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Getting wireless on two wheels

post #1 of 17
Thread Starter 
post #2 of 17
Both Shimano and Campy have been working on this stuff for a long time. The reports I have read from the racers using the Campy stuff (still in prototype) is they love it. Shifts are lightning fast and can be made with full power applied to the cranks. Whether the general riding enthusiast is willing to through out the dough for the technology is another story.
post #3 of 17
The DA stuff is supposed to be amazing.

edit: It's not wireless though.
post #4 of 17
Either of you play with Mektronic or Zap when it was out?

OMG that's almost 20 years ago now.
post #5 of 17
Anyone remember the Shimano Airlines system?

http://www.bikeman.com/attic/whatizit8.htm
post #6 of 17
Quote:
Originally Posted by comprex View Post
Either of you play with Mektronic or Zap when it was out?

OMG that's almost 20 years ago now.
No, but I saw a NOS Mektronic gruppo on Ebay a while back. I thought about buying it, but my better judgement won out.
post #7 of 17
Next they'll be selling jammers to screw up your competitions wireless derailleurs.
post #8 of 17
Quote:
Originally Posted by Rio View Post
Next they'll be selling jammers to screw up your competitions wireless derailleurs.
The better HR monitors are already privacy-coded.
post #9 of 17
Quote:
Originally Posted by comprex View Post
The better HR monitors are already privacy-coded.
Yeah, but see what happens when you ride by a major airport!!
post #10 of 17
I've seen the press articles about the new electric Shimano DuraAce before. As mentioned above, the racers seem to love it. I do all my own bike maintenance, and it takes a while to get 10-speed systems shifting perfectly, and they're pretty finnicky about staying perfect as well. Campy and Shimano needed to do something about the finnicky-ness of the systems as it would only get worse as more-and-more gears get packed onto the rear wheel (i.e., Campy has 11-speed rear cassettes now, which must be truly night-marish to get shifting perfectly). So from that aspect (i.e., ease of setup, keeping it shifting perfectly) -- I'm all for moving to an electric system.

I would be worried about what happens when the battery goes dead. From the original article, it appears that you can easily get 2,000 mlies while the manual says 600-something. Just have to get in the habit of re-charging batteries or carrying a spare battery with you. I've had mechanical derailleurs go bye-bye on me mid-ride before, so it's not like the old system was perfect either.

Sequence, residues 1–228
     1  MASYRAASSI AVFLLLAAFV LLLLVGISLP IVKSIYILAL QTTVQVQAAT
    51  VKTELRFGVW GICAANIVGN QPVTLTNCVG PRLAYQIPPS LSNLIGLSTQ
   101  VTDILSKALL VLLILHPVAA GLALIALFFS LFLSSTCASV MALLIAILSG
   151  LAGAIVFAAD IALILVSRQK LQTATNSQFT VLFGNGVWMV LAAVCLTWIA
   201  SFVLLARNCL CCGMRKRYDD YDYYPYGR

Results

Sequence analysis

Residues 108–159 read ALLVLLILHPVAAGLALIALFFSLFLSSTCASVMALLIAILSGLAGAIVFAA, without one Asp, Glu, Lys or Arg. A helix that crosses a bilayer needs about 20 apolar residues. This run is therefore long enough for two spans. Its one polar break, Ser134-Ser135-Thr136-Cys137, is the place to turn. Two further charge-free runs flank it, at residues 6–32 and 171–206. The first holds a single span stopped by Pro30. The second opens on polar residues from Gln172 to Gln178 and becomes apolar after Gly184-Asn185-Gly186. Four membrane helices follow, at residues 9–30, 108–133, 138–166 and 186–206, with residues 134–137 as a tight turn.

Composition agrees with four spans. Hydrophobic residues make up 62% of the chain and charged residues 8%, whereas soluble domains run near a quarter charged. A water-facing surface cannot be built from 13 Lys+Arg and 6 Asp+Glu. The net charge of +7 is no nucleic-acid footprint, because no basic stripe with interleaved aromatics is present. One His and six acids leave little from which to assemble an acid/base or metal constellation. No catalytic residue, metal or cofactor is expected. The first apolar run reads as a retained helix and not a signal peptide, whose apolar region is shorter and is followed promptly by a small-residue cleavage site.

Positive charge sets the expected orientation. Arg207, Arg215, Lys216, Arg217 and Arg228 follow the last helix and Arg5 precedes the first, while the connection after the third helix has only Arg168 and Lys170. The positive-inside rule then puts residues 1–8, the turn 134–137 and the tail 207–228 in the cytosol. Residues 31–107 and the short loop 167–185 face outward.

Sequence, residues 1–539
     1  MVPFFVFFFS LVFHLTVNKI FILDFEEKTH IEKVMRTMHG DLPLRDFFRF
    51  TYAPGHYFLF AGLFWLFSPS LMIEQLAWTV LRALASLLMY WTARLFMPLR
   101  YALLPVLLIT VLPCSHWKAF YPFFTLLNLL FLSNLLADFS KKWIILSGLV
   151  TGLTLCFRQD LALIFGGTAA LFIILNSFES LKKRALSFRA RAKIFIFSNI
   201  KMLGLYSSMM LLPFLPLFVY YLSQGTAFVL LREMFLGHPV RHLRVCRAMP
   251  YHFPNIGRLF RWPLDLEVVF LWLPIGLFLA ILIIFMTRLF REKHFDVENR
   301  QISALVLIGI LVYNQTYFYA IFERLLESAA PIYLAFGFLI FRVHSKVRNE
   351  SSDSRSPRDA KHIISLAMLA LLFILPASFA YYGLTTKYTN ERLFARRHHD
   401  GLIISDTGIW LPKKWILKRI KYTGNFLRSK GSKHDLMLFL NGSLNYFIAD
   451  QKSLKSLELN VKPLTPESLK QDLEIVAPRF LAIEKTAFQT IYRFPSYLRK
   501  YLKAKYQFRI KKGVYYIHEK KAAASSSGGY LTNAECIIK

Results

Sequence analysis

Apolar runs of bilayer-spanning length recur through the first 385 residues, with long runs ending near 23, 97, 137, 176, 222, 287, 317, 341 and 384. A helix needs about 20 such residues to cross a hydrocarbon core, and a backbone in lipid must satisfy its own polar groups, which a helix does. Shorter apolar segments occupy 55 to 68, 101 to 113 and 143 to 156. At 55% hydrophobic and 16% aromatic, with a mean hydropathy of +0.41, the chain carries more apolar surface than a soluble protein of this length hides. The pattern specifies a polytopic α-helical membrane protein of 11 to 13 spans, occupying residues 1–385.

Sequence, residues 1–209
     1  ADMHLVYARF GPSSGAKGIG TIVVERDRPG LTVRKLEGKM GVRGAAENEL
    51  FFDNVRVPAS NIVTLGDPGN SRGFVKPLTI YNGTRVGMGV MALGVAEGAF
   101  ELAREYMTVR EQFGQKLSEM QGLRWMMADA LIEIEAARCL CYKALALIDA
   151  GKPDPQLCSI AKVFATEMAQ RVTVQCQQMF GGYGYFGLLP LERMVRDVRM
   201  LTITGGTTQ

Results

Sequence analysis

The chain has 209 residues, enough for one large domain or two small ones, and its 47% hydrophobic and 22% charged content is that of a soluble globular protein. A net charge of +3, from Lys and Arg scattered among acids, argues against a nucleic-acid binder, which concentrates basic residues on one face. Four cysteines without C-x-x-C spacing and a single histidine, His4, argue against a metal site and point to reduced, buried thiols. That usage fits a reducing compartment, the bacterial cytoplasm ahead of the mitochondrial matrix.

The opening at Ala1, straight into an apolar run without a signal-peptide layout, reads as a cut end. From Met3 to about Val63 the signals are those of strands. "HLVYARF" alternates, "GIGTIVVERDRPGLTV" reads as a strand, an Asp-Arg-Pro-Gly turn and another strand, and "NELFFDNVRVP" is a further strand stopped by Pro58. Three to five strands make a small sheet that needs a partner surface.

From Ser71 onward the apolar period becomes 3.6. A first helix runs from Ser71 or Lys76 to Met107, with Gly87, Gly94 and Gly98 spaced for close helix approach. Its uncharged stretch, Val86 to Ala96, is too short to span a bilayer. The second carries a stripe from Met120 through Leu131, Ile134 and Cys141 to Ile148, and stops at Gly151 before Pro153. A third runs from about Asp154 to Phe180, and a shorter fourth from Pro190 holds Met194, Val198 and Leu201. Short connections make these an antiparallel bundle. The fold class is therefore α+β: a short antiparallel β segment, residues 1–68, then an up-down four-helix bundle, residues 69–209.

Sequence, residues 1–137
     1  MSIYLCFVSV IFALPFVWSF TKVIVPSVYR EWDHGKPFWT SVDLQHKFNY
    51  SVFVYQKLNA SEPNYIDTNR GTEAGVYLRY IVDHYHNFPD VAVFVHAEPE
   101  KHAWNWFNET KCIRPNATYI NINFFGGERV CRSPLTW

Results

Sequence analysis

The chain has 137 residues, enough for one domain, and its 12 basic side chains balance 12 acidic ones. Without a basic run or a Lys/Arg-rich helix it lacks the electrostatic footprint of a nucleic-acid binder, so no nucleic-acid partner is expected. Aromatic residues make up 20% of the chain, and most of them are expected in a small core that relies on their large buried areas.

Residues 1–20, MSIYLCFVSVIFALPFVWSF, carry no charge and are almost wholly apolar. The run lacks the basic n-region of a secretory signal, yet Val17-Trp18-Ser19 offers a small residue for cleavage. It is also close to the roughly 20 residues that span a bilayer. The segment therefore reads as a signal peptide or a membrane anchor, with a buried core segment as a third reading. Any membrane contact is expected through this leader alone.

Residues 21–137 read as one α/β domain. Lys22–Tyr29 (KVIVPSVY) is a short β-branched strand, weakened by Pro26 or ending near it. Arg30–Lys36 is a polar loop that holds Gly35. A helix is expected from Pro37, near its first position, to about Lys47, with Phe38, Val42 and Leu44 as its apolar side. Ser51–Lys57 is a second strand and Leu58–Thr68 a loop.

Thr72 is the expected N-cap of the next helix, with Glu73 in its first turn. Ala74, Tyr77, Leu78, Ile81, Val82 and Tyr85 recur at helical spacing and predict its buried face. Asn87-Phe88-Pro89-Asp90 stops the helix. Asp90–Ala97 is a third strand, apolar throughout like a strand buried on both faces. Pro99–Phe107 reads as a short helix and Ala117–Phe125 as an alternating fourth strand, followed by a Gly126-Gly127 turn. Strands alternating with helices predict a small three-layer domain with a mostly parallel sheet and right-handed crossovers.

Basically, I think it's an intriguing breakthrough, with lots of upsides and not many downsides. I'm not about to shell out two grand for a little more convenience though.
post #11 of 17
They've thought out the dead battery problem pretty well. I think first it slows down then it drops the chain to the granny ring and when all is lost it shifts to the biggest cog. It sounds like you'll know it's dying before it dies.
post #12 of 17
Quote:
Originally Posted by epic View Post
They've thought out the dead battery problem pretty well. I think first it slows down then it drops the chain to the granny ring and when all is lost it shifts to the biggest cog. It sounds like you'll know it's dying before it dies.
I'd hate to be 300 meters from the finish line in a bunch sprint when that happens
post #13 of 17
It shouldn't unless you are in a 2000 mile race.
post #14 of 17
Quote:
Originally Posted by Roadrash View Post
I'd hate to be 300 meters from the finish line in a bunch sprint when that happens
Quote:
Originally Posted by epic View Post
It shouldn't unless you are in a 2000 mile race.
Hmmmmm, Tour de France is about 2000 miles. Ends in a bunch sprint on the Champs Elysees. Hopefully no team mechanic forgets to replace the batteries.
post #15 of 17
It'll be interesting to see how the pro peleton takes to it.
post #16 of 17
Quote:
Originally Posted by KevinF View Post
Hmmmmm, Tour de France is about 2000 miles. Ends in a bunch sprint on the Champs Elysees. Hopefully no team mechanic forgets to replace the batteries.
I was thinking PBP or BMB or RAAM, but yeah.




I actually dreamt about an electronic Cyclo last night.

http://www.m-gineering.nl/oldtechg.htm
post #17 of 17
Quote:
Originally Posted by KevinF View Post
Hmmmmm, Tour de France is about 2000 miles. Ends in a bunch sprint on the Champs Elysees. Hopefully no team mechanic forgets to replace the batteries.
You obviously haven't heard about the 'solar-cell helmet' accessory. Put it on, plug it in, and no more battery worries
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